- Luc Yansouni ’20
On January 3rd 2020, the United States killed one of the world’s most notorious terrorists: General Qasem Soleimani. It is estimated that over the course of his career as the leader of the Iranian Quds Force, Soleimani was responsible for the deaths of over 600 Americans, and the dismembering of thousands more by IEDs.
He instructed his troops to install roadside bombs, and in the years around 2010 he ordered 20 to 30 rocket attacks against U.S. bases each month. In the months before his death, these attacks were starting to escalate: there were strikes on Saudi Oil fields in September; in December, a U.S contractor was killed; and there was an organized attempt to storm the U.S. Embassy in Iraq on December 31st.
Ethically, there is as much of a case for killing General Soleimani as there is for killing Osama Bin Laden or any other terrorist responsible for the deaths of hundreds of Americans. Just as Bin Laden eventually paid the ultimate price for killing almost 3,000 people on 9/11, Soleimani was similarly eliminated by the U.S. military for the American blood on his hands. Legally, this attack was also justified.
According to President Trump and his advisors, General Soleimani was planning new attacks against the U.S., including an attack against our embassy in Baghdad. That embassy holds over 5,500 people, and, given Soleimani’s history of killing Americans, the threat of an attack cannot be taken lightly. The U.S. can never tolerate a repeat of the 2012 attack on U.S. government facilities in Benghazi, Libya, in which Ambassador Christopher Stevens and other Americans were murdered by militants. Protecting our embassies and the United States citizens housed therein is as important as protecting our own country. According to Dr. Dapo Akande, an Oxford professor of international law, given that the attack on Soleimani was in self-defense of an imminent attack, the U.N. charter would most likely deem this airstrike permissible.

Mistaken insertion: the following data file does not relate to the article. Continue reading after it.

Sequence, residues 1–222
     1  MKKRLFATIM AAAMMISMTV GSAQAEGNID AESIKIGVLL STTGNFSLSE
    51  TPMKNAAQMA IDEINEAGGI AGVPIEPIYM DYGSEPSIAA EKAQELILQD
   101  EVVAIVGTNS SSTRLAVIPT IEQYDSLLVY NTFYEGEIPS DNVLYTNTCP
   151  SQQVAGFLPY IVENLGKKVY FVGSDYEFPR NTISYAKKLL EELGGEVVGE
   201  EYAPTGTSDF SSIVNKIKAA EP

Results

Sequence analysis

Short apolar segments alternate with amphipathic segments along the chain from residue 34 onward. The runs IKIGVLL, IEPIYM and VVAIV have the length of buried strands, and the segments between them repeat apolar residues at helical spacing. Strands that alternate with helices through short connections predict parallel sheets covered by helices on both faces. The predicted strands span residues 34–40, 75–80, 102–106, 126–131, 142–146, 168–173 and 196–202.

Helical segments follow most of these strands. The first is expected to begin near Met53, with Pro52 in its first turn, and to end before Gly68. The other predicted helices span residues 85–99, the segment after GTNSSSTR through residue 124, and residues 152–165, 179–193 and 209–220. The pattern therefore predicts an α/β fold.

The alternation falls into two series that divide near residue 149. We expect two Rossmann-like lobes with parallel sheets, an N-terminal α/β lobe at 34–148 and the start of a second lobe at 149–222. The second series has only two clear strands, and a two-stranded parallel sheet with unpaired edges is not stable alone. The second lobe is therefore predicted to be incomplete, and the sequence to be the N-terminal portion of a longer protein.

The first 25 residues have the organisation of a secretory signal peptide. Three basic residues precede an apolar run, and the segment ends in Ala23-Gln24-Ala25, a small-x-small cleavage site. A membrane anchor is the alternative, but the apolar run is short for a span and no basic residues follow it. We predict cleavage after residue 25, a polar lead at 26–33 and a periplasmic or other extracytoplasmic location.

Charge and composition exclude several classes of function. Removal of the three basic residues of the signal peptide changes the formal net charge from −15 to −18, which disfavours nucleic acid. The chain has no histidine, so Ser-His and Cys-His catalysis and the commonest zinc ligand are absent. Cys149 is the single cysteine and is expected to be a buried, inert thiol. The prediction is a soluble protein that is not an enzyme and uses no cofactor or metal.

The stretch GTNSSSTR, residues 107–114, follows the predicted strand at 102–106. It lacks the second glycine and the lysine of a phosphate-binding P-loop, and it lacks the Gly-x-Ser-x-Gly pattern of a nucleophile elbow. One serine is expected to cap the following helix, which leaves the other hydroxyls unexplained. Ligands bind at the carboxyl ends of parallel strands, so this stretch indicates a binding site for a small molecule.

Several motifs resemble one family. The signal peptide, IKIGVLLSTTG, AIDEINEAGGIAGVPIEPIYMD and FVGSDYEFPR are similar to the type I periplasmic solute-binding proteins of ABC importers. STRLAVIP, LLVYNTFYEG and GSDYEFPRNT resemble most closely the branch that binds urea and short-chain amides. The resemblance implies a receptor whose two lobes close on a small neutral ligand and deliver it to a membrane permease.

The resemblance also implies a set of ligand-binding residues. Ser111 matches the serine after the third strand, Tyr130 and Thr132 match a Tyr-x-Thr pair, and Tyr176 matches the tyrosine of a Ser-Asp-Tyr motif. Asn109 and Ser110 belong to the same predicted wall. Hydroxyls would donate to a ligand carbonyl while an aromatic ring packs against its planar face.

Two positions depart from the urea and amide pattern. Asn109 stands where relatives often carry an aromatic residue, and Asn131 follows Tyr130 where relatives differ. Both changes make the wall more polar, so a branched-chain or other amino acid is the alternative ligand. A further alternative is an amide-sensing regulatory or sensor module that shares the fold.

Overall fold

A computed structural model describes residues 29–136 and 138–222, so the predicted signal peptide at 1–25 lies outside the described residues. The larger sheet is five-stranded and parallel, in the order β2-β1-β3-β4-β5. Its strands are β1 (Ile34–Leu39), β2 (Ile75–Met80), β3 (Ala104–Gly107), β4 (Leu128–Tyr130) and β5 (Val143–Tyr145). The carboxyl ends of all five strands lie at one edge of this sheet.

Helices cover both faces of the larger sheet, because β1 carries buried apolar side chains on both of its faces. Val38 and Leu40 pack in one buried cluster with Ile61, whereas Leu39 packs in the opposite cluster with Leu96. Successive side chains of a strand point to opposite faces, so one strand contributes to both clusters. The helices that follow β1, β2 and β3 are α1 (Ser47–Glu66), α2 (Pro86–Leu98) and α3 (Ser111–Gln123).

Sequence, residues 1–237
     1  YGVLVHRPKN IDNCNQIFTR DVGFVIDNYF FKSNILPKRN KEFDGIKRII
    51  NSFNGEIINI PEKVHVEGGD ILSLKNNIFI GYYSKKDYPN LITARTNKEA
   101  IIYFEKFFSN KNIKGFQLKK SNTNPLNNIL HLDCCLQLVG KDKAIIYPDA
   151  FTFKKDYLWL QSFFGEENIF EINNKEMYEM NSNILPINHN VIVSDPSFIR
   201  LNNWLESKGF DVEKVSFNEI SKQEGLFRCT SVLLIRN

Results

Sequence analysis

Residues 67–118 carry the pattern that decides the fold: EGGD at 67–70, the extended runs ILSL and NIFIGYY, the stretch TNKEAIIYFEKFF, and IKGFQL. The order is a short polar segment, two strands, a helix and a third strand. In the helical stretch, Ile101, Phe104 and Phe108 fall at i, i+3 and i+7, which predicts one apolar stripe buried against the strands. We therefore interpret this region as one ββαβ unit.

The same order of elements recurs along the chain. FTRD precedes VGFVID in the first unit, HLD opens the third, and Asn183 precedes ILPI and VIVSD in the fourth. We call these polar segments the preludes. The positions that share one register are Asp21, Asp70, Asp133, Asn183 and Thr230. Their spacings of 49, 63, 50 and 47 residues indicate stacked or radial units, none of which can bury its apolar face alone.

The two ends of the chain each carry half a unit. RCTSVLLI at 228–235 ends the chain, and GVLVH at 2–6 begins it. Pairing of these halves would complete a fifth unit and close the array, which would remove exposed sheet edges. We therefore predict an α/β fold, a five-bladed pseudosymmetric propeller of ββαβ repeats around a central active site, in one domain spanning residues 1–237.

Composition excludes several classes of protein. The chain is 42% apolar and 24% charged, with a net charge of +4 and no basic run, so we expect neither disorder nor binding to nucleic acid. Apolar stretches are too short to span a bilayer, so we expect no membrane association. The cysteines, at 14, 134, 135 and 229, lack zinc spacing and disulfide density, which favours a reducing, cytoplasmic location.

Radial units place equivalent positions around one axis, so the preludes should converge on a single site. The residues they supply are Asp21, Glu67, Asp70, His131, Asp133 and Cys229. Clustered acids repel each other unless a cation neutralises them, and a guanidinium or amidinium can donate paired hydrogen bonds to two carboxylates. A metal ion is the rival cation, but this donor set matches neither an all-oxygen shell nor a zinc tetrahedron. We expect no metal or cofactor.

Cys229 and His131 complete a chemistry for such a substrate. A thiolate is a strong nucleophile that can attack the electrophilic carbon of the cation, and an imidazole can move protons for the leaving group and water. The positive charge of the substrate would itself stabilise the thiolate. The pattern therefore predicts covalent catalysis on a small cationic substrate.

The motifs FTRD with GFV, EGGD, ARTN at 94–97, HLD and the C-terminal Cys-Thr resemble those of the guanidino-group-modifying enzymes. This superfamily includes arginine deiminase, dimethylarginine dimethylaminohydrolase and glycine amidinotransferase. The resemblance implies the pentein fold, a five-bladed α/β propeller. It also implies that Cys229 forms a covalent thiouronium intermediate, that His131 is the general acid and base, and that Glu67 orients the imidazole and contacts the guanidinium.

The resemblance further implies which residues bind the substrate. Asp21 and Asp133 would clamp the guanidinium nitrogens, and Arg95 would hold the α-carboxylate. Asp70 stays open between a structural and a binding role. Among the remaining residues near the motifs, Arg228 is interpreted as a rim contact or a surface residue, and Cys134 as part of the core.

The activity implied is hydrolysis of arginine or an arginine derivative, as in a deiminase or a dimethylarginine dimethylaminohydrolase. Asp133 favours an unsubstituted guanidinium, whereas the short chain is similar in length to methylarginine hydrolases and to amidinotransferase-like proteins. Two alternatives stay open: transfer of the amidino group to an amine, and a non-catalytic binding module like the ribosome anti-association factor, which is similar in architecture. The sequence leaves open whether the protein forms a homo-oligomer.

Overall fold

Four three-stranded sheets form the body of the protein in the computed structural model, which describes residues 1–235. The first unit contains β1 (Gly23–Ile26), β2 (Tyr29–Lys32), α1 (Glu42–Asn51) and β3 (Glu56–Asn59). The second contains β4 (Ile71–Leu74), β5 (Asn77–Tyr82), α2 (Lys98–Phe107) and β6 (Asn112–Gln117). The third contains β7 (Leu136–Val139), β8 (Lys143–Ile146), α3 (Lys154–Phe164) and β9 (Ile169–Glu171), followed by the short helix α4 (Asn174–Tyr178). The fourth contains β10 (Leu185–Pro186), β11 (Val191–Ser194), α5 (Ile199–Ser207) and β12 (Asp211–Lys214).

Furthermore, the killing of General Soleimani was not an escalation, but a calculated response. By standing up to the dangerous Iranian attacks that have continued for months, the U.S. has deterred more large-scale violence by the Iranians. After the Iranians mistakenly shot down a passenger flight, outrage by the Iranian public that might have been directed at the U.S. has turned back quickly onto the Iranian regime. Protests have been widespread, and anger towards the government is so extensive that more retaliation from Iran is unlikely.
Starting a war with the most powerful military on earth would make it even harder for Iran to find countries to trade with, which would lead to even more inflation and more public resentment toward their leaders. Additionally, France, England and Germany have formally accused Iran of violating the 2015 nuclear deal, initiating a negotiation process that could reimpose U.N sanctions. Given their economic crisis, it can be expected for Iran to comply rather than deal with U.N. sanctions, much less engage in escalating hostilities with the U.S.
The killing of General Soleimani has made the world safer in the near term by eliminating a deadly terrorist and it has pushed Iran into a more vulnerable negotiating position that will make the world even safer in the long term.
Photo from Vox